The room is warm, open, giddy almost.  An energy is here that I haven’t felt in the same capacity in other gatherings…a mother-love has joined the conversation…a kind of nurturing-want-to-do-what’s-right kind of love coupled with a kick-ass-don’t-mess-with-my-kid kind of love.  I like how it feels.

A kind of Mae West strut with a Mother Teresa attitude.
Today is August 10:  I run from my hotel to the Buffalo Creek Reservoir.   I’ve stopped running with my Ipod altogether.  The feather is there on the path as I take my first (three) steps.  The trails are beautiful and I am in no rush, no hurry.
I am headed to Charleston, IL for a Red Boot Coalition meeting that evening. I stop at a Casey’s General Store just off the road.

Donna, a spirited woman, about my age, comes around the counter.  She is radiant, approachable, lit from within.

I tell her I am traveling cross country and talking to folks about what’s causing all this political unrest.

“It’s not a democrat or republican thing.  It’s a leadership thing.  We’ve forgotten what we are really set out to do.  No vision.”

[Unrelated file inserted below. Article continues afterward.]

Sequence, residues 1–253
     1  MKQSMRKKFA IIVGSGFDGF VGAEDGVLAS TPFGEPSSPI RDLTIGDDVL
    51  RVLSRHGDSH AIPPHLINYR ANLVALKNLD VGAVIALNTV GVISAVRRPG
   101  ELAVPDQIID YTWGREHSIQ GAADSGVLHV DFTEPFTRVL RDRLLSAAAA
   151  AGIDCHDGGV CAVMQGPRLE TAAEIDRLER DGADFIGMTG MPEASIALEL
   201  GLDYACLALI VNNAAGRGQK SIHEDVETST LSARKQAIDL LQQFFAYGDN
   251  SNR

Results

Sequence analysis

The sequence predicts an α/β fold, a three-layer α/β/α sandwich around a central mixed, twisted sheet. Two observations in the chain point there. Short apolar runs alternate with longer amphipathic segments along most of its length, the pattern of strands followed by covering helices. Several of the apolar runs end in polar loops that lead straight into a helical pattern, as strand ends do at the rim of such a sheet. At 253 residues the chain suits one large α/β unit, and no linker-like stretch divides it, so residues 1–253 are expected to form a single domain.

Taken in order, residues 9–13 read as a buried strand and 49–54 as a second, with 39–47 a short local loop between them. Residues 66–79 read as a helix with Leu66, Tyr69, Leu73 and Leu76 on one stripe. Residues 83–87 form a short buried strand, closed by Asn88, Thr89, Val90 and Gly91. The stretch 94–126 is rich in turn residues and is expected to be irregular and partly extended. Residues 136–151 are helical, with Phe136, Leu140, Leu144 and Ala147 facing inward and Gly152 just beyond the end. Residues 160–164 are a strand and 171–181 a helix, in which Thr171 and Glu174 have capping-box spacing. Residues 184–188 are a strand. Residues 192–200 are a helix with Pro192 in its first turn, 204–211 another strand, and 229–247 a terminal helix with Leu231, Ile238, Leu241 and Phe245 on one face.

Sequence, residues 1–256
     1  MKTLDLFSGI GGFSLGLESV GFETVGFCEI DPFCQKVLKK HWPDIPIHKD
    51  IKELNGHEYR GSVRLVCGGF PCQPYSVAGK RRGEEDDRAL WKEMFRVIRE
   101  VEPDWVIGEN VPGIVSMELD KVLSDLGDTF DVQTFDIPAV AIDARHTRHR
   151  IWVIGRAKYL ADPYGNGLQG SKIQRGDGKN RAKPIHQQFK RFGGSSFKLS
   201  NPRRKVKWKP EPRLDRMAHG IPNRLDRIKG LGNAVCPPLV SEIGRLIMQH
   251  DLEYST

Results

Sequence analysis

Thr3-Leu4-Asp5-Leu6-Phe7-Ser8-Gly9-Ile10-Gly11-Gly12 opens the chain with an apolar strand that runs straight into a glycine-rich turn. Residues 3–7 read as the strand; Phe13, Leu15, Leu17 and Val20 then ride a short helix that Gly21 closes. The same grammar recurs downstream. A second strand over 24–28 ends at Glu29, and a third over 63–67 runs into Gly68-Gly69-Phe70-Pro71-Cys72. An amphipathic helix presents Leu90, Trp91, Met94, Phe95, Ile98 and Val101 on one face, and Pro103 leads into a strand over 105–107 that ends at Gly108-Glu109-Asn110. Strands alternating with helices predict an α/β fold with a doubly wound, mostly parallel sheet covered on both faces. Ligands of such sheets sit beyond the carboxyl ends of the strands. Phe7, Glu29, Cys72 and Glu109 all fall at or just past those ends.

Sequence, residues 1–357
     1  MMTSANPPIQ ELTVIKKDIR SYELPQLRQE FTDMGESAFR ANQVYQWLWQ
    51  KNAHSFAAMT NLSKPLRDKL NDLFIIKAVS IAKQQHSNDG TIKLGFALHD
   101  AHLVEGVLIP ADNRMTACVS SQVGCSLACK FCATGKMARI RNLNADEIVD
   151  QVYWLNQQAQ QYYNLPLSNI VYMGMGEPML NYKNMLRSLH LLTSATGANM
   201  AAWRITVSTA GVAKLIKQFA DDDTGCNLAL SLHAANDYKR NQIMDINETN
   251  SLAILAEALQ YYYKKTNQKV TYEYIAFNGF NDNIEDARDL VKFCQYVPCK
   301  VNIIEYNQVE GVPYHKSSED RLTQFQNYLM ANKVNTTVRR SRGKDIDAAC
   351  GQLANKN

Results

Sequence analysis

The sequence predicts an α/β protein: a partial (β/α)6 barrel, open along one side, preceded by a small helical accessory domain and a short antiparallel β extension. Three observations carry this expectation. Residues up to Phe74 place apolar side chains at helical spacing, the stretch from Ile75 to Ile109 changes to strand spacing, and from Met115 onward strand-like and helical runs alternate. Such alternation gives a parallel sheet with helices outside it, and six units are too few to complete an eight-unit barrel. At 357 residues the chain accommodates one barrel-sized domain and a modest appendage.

Donna talks in great detail about the widening gap between those who have money and those who do not.  She worked for 30 years at a local grocery store.  Loyal employee, she made good money.  Raised her kids by herself.  People knew each other.  She felt respected.  She was a valued, engaged and valuable community member.

“Just doesn’t feel the same. We don't know each other anymore. "

We talk like two old friends, for several minutes.  She is spunky…alive…sassy even!

I asked her if she has that special someone in her life now.

“Nope…but doesn't matter.  I am loving life in my 50’s.”

I laugh.  "Me too," I shout as I head out the door.

Not long after my departure, I receive a “comment” on the Red Boot Coalition blog.

It’s from Rachel…Rachel is another clerk at the store…younger and more reserved…she remained quiet throughout my entire exchange with Donna.

"I meet you today at Casey's and I was telling my mom about you. She agreed on what you were talking about and you inspired me today . I started thinking and your right on so many levels. Thank you for stopping in and keep doing what you do. I’ll help pass your message on."

Right there it is.  Tucked in and often not seen...but it is there.  Why do I ever doubt?

Tonight’s gathering is in Charleston, IL.  Beth Gillespie and her husband Michael helped coordinate the meeting.  Beth is involved with Girls on the Run and is full of life, vigor, joy.  She is curious to her core…child-like even.  I haven’t met a single person who doesn’t like to spend time with Beth.

Beth Gillespie, Sarah Dowell, Me and Ashli Crowe.

We begin with introductions.

College professors, single mamas, student life professionals, married folks, students.